I've spent all morning doing the top nock for the Yew bow, it's very slim at the tip so I had to grind a new drilling tool. It's just an old wood boring bit ground down to the right shape.
The new drill is then used to drill a hole into a scrap of Oak which is used with some sandpaper in the slot to sand the tip of the bow to a nice fit, (a bit like a pencil sharpener) having first roughed it to shape with a rasp.
The nock is still dull and rough, it will be shiny black once polished. I've shaped it to echo the natural shape of the tip of the horn (the scrap just left of the nock). Some people make their nocks rather large and elaborate, reminiscent of a chess piece or some such, I prefer a smaller, more organic, practical shape. (Although to be fair there are some very elegant ones).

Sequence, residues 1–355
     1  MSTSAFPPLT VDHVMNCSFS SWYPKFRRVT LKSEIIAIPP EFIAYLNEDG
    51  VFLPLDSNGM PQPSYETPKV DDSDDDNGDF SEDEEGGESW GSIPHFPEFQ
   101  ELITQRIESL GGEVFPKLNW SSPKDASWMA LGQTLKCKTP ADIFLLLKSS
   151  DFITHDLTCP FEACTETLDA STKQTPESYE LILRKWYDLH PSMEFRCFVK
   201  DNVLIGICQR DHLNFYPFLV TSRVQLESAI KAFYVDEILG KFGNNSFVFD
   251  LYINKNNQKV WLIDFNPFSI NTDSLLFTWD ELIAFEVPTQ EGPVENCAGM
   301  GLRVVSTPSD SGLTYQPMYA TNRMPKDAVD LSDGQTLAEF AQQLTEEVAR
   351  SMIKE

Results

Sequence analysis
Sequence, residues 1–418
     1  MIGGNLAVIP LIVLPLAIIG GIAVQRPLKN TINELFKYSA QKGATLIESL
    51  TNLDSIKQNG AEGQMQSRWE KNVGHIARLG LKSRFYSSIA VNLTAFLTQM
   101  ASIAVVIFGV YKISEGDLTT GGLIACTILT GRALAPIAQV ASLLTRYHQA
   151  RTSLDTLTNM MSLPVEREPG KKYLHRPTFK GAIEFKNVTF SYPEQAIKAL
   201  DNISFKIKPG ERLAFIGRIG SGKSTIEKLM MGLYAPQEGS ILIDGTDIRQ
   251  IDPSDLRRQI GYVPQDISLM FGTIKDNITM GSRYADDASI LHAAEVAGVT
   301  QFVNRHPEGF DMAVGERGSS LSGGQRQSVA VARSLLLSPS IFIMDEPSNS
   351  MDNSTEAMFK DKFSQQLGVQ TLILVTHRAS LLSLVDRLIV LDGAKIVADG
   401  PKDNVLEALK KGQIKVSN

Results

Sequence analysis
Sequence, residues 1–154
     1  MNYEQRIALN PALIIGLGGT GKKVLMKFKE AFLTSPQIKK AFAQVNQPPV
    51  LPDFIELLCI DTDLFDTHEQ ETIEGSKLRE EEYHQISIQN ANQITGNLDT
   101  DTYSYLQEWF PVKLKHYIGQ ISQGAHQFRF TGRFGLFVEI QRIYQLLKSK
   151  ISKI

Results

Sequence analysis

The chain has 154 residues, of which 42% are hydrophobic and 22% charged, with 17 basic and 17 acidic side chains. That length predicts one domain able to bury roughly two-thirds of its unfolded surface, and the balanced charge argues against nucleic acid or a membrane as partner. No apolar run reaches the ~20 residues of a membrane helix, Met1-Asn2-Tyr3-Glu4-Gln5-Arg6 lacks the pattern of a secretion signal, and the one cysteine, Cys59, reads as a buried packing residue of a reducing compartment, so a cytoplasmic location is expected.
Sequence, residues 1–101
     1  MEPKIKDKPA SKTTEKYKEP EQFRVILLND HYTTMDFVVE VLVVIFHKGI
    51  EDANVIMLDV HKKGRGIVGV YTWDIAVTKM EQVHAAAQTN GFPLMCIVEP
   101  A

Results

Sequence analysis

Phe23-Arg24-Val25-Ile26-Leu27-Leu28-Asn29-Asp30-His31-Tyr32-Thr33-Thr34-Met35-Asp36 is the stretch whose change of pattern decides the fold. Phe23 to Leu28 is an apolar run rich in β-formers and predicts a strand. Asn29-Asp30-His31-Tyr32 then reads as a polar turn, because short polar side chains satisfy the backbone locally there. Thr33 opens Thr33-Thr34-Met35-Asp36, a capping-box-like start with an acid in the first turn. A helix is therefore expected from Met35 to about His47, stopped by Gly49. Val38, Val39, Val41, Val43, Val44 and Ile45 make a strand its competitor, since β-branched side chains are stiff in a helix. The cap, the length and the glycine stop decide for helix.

Horn nocks can be bought ready shaped, but that assumes a one size fits all approach which can end up just looking wrong. The second nock will be much quicker as the bottom nock is smaller and I've already made the tools.
The top nock is bigger to allow for a hole for a thin thong which can be tied to the string to retain it when unstrung.
Hopefully I'll get the bottom nock done soon and I'll post a pic of it at full draw on the tiller.